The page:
Local schools were again above the norm on a national test, the last such scores before the WASL occupies more No. 2 pencils next year.
This was the last year the state’s third- and sixth-graders will take the Iowa Tests of Basic Skills.
Next year, students in those grades and fifth and eighth grades will take the Washington Assessment of Student Learning reading and math tests, joining fourth- and seventh-graders.
As the emphasis has shifted, scores on the Iowa tests have tended to slip or remain flat, said Ric Williams, assessment director for Everett Public Schools.
“They probably don’t get as much attention because it’s not just about knowing more facts now. It’s how well you can use those facts to solve problems or construct a response,” which are higher-order skills the WASL measures, Williams said.
Educators such as Williams look forward to giving the WASL instead so they can better track student gains from year to year.
Even though the Iowa tests are being phased out, the information is still useful, said Warren Hopkins, an assistant superintendent with the Arlington School District.
“The value of any assessment is to use it to guide instruction,” Hopkins said. “That is more important than getting a score of an individual student.”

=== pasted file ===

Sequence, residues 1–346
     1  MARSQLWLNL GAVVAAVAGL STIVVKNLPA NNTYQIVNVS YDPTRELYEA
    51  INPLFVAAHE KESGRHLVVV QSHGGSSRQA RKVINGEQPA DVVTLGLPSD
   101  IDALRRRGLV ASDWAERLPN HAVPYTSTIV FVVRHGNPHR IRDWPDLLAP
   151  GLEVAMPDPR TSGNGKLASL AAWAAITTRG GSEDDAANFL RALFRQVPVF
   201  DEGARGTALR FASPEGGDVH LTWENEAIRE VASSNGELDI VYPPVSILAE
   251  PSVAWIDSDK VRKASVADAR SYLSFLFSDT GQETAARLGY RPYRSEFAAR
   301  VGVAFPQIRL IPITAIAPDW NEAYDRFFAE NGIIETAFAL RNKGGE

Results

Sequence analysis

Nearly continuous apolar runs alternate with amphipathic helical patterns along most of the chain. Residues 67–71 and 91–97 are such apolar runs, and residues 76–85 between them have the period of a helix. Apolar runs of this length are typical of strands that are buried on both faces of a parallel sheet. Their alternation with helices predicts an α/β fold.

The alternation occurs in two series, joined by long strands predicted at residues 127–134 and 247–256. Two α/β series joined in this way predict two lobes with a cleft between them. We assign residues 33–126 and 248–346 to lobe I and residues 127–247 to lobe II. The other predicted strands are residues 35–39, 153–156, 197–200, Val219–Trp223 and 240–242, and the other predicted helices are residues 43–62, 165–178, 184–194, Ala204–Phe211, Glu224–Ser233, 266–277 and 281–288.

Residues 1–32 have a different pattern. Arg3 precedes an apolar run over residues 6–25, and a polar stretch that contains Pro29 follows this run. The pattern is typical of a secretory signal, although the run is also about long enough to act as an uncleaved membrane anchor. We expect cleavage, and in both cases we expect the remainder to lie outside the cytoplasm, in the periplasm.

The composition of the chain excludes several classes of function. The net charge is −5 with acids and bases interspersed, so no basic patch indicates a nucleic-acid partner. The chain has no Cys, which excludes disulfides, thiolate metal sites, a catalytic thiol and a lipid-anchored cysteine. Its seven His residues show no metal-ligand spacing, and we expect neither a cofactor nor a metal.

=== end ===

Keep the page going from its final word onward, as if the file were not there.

The Iowa tests measure students’ knowledge of reading, math and language arts with multiple-choice questions, then rank students against a national comparison group from 1995. A 50th percentile rank is the national average.
The WASL, by contrast, measures students against state standards in reading, math and other subjects through a variety of question formats.
Local scores on the Iowa tests have been relatively flat in recent years, following the state trend.
The state’s third-graders averaged 58 in reading and 66 in math. Sixth-graders averaged 55 in reading, 58 in math and 54 in language. A score of 50 is the national average.
Schools in Snohomish and Island counties generally performed above national and state averages. Three districts – Darrington, Marysville and Sultan – had at least one sixth-grade score below the national norm.
Marysville School District Superintendent Larry Nyland said it is better to have slow incremental growth than large fluctuations. Steady progress allows districts to gauge the success of their improvement strategies, he said.
“You always like to see them go up more, but the way we are working is we would rather see small and consistent gains we can sustain,” Nyland said
Schools got their test results before the state release and are responsible for sending the results to parents.
Results for the Iowa Test of Educational Development given to ninth-graders will be released in July.
Melissa Slager and Eric Stevick write for The Herald in Everett.